Are You Seeing Aster Yellows?

aster yellows on coneflower

The abnormal flower heads are a classic sign of aster yellows.

We are hearing many reports from gardeners about aster yellows, a plant disease that is spread by aster leafhoppers and is highly contagious. Plants show more symptoms during times of hot weather, similar to that experienced by northern gardeners in July. The symptoms can be dramatic, odd-looking, and often cause gardeners to wonder what their plant is doing.

The photo at left is a classic expression of aster yellows on a purple coneflower. The plant’s center cone has green, leaf-like sprouts popping out of it. While asters and coneflowers are plants best-known for being susceptible to aster yellows, the disease affects a wide array of ornamental and edible plants, including coreopsis, cosmos, marigold, petunia and phlox as well as carrots, onions, potatoes, even dandelions!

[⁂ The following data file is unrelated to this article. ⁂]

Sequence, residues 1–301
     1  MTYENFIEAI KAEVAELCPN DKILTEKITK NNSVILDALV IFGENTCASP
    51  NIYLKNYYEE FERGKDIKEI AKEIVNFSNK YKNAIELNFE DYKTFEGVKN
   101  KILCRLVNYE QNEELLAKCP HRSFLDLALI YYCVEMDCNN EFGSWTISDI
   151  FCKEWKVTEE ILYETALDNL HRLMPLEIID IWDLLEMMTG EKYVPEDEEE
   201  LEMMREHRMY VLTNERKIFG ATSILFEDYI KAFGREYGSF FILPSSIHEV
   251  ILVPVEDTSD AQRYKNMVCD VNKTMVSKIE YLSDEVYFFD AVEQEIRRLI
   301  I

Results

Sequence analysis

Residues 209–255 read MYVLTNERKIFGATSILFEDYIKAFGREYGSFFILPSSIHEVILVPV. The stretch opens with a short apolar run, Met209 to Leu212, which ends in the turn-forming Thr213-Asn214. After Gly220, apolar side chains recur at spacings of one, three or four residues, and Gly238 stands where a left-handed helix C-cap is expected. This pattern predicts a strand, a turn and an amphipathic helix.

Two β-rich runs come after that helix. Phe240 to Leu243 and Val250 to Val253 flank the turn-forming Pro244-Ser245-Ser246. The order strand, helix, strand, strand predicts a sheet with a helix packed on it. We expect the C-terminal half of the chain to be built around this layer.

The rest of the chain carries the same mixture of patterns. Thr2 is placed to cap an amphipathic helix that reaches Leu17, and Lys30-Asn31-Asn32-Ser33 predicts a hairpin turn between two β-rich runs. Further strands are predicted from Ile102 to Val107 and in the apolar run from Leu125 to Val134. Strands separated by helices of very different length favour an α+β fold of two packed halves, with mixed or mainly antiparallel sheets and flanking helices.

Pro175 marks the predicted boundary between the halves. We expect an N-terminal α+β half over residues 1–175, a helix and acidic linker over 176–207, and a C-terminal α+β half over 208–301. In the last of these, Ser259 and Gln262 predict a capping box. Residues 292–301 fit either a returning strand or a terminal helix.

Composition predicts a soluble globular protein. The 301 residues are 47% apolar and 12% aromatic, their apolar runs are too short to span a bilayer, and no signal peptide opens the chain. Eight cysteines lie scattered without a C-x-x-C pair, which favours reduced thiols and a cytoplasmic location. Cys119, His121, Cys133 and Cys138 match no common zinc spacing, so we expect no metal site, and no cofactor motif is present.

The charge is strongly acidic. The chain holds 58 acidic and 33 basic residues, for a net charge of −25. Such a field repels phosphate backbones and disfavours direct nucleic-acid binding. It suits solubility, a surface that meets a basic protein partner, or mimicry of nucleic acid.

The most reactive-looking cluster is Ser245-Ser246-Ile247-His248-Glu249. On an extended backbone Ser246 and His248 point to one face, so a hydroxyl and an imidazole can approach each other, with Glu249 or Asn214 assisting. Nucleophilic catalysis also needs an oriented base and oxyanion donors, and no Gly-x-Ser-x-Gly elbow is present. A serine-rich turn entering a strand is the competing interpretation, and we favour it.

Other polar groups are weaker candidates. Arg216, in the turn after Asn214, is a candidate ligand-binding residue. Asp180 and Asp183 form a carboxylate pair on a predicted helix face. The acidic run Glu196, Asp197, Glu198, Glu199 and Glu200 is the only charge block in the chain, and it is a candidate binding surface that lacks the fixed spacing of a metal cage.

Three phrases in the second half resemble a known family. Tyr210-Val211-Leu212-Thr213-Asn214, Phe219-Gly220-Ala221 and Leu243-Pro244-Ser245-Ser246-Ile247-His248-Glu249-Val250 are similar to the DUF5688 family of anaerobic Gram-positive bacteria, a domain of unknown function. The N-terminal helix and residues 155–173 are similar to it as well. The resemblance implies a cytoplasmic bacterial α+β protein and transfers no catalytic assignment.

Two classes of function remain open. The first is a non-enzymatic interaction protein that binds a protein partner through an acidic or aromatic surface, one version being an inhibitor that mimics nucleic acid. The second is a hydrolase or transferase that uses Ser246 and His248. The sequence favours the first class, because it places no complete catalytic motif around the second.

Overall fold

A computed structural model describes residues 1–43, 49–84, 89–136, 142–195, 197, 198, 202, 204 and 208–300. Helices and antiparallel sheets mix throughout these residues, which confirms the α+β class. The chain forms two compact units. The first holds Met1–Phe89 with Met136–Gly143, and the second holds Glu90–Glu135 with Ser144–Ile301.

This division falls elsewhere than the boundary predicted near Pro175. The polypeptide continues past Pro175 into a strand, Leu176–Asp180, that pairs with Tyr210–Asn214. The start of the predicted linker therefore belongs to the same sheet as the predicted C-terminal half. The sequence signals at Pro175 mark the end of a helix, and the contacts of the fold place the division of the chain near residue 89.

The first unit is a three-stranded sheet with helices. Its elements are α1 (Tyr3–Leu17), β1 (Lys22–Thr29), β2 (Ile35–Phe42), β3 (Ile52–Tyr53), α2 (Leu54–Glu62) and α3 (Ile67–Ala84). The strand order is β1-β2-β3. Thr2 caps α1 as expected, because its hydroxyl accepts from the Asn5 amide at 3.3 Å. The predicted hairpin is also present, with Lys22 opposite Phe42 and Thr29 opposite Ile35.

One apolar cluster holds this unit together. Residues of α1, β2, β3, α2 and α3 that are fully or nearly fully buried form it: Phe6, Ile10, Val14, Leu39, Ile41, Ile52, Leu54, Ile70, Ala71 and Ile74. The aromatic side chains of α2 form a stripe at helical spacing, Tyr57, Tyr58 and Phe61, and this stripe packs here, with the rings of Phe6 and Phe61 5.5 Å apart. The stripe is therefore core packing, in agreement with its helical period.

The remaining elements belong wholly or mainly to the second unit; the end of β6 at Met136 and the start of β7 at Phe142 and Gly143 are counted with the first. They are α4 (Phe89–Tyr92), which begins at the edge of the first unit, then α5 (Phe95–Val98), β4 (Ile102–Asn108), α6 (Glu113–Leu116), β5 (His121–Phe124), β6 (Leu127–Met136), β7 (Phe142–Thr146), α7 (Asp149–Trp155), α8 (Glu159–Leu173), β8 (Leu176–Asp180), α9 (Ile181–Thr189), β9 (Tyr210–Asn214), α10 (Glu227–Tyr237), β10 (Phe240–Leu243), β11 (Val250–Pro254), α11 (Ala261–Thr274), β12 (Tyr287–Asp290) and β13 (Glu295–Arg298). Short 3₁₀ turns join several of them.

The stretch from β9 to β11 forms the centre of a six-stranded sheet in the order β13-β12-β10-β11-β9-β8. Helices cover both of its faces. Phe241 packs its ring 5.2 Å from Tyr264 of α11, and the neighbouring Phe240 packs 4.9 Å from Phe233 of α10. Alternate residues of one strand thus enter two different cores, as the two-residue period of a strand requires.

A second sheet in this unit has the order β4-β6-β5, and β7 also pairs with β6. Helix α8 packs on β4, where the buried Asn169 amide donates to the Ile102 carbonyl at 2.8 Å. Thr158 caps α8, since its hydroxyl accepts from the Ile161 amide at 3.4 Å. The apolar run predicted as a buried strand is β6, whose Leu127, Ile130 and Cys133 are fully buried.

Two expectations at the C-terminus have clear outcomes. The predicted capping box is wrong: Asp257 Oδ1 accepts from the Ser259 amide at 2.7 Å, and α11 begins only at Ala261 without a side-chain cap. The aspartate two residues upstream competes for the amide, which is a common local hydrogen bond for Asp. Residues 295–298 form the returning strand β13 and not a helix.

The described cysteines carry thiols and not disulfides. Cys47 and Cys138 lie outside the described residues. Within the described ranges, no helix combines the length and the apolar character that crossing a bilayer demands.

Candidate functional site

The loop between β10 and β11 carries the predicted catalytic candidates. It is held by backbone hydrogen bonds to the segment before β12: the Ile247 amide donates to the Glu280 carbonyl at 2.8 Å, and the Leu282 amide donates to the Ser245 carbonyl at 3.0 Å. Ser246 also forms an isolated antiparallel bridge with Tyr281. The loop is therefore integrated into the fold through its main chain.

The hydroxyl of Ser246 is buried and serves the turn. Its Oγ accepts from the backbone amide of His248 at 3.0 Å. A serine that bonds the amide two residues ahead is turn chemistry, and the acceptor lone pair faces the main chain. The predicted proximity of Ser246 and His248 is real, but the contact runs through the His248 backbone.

Here’s how the University of Minnesota describes the disease’s lifecycle and spread:

The cause of aster yellows is a microscopic organism called a phytoplasma (formerly called a mycoplasma-like organism or MLO). Phytoplasmas are most similar in size and composition to bacteria. Aster yellows is vectored (transmitted) by insects called leafhoppers, and through grafting. The phytoplasma survives winter in perennial and biennial plants. In the spring, leafhoppers feed on infected plants. During feeding, plant sap containing the phytoplasma is sucked into the leafhopper’s body where multiplication of the microorganism takes place. Following an incubation period, the phytoplasma is transferred to healthy plants during leafhopper feeding.

 

There is no cure for aster yellows, only prevention. Gardeners are advised to remove infected plants and throw them away, weed carefully (weeds often carry the disease) and monitor for leafhoppers.